One oil company executive said: “Yes we have some driver shortages but you still do have more than 90pc of the deliveries we’d expect to be making in normal circumstances.
“It’s the elevated demand over the last three days, that’s exacerbated the problem and we haven’t been able to keep up with demand.”
Why have garages run out so quickly?
The Petrol Retailers Association warned on Monday that two-thirds of its membership of nearly 5,500 independent outlets were out of fuel, with the remainder "partly dry and running out soon". The UK has a total of more than 8,000 petrol stations.
Part of the problem is that profit margins on retailing petrol are actually very low (most petrol stations make more on the coffee than they do on the fuel) so oil companies operate just-in-time delivery systems to ensure they don’t spend any more transporting the petrol than they need to.
If you refill a petrol station when its tanks are still 10pc full, you'll have to visit 10pc more frequently than if you wait until they've practically run dry each time.
So if demand spikes, there is not a lot of spare capacity in the network. And while capacities of filling stations varies enormously, most can hold enough for only three to seven days’ worth of normal demand - the key word being “normal”.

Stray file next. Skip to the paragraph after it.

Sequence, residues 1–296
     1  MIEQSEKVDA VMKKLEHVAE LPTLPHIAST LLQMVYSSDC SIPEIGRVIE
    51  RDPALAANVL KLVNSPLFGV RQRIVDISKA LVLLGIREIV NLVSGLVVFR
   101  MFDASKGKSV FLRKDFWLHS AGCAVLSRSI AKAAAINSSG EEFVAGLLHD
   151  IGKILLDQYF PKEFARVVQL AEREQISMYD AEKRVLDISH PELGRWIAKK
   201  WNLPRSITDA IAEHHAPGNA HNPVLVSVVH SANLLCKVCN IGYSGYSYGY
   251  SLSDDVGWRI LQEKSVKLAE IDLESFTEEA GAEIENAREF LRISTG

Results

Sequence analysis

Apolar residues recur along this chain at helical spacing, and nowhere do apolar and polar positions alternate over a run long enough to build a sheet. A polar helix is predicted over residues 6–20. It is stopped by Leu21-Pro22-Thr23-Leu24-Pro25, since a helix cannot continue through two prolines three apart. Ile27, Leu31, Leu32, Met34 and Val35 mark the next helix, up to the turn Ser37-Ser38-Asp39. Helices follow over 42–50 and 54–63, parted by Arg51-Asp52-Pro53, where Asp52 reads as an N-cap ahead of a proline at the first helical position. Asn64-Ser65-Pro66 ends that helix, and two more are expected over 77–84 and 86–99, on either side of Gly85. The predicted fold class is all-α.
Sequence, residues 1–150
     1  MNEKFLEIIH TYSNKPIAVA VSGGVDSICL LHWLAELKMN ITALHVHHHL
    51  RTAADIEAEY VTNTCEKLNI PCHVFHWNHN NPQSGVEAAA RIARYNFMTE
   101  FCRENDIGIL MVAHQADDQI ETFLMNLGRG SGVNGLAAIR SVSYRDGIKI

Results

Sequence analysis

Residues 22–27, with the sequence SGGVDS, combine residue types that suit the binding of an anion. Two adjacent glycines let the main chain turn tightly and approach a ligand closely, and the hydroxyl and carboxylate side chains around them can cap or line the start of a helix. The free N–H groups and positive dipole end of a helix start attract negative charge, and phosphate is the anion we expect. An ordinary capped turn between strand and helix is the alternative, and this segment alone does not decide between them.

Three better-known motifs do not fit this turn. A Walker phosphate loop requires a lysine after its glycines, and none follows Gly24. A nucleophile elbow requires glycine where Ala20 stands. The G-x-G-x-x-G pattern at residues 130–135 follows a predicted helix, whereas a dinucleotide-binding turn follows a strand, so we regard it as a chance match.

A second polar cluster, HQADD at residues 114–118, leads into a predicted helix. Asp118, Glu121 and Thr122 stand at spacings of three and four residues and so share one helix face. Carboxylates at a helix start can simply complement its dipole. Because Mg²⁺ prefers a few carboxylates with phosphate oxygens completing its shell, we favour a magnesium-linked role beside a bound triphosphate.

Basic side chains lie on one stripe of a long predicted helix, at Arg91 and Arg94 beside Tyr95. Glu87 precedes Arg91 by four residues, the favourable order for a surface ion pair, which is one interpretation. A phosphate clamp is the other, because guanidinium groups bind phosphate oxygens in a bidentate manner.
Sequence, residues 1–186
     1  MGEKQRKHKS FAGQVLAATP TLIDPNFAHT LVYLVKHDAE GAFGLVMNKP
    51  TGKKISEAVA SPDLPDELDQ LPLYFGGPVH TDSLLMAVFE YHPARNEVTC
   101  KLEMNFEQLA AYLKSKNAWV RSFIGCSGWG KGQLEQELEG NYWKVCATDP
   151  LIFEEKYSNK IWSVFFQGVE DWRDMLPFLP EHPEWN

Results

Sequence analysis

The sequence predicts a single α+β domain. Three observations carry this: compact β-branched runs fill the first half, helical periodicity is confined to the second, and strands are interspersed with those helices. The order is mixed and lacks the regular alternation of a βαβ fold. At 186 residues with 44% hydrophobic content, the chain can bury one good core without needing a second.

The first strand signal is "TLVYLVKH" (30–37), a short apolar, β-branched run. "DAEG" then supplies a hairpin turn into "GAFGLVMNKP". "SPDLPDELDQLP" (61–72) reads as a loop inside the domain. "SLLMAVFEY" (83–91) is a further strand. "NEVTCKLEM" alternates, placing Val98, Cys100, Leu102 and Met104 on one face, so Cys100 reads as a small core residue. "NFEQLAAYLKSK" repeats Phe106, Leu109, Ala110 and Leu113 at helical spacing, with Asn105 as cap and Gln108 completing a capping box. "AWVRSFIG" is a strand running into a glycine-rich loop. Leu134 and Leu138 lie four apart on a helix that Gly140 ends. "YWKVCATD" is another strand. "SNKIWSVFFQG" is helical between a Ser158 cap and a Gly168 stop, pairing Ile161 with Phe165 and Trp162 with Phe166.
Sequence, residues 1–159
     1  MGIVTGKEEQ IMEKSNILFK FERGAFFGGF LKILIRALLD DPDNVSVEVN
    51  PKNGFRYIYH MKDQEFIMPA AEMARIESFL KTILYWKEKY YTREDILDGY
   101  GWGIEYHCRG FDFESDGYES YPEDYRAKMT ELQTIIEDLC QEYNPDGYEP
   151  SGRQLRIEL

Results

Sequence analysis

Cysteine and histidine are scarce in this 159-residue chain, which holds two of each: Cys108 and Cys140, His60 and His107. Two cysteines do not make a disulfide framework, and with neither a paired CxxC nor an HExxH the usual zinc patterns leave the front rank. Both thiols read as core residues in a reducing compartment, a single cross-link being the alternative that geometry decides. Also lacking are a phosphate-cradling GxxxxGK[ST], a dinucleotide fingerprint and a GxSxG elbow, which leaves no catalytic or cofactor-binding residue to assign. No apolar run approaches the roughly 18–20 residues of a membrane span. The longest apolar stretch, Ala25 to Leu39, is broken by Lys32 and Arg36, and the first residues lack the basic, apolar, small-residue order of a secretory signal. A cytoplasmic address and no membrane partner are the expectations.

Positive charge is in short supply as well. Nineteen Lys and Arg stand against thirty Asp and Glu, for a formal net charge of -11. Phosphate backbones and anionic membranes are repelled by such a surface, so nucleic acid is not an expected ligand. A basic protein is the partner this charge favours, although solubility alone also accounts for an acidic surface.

Do I need petrol?
You can probably drive further than you think on what you’ve got.
A reasonable average for most drivers to cover is 10,000 miles a year - so that’s just under 200 miles per week.
How often you need to refuel will depend on the fuel-efficiency of your car, and the size of your petrol tank.
The tiny Toyota Aygo gets around 55mpg, which means 12.1miles to the litre, but it only has a 35L tank, so you’ll get 423 miles on a tank.
A Range Rover on the other hand has an average mpg of just 16, but a 106L tank, so a tank will get you 369 miles despite costing three times as much to refill.
In the middle of the pack, a Ford Focus will get 42mpg (9.2mpL) and hold 52L, for a total of 479 miles on a tank.
All of which means a full tank is two weeks of normal motoring for most people - and nobody anticipates actual supply outages to last that long - even if rolling disruption may take months to resolve.
What is being done?
The government has temporarily suspended anti-cartel legislation to let suppliers co-ordinate deliveries to worst affected areas.
It is also trying to rush through HGV tests and has taken the temporary step of increasing daily driving time limits from nine hours to 11.
BP has said it is hopeful fuel stocks at forecourts will stabilise, and start to rebuild during next month.
On Saturday the government announced a temporary visa scheme for 5,000 foreign HGV drivers to take up employment in the UK until Christmas Eve, but the scheme has faced criticism for not taking into account other pressures and post-Christmas demand.
Longer term, the UK will continue to be a less desirable destination for foreign haulage drivers post-Brexit, with poorer roadside amenities the continental Europe frequently cited as a concern.
For the time being however things are expected to settle down. Gordon Balmer, executive director of the Petroleum Retailers Association, said: “It is unlikely that the vehicles filled over the weekend will need refuelling again soon.
“As a result, we will watch carefully for a possible easing of demand and normalising of forecourt stocks over the coming days.”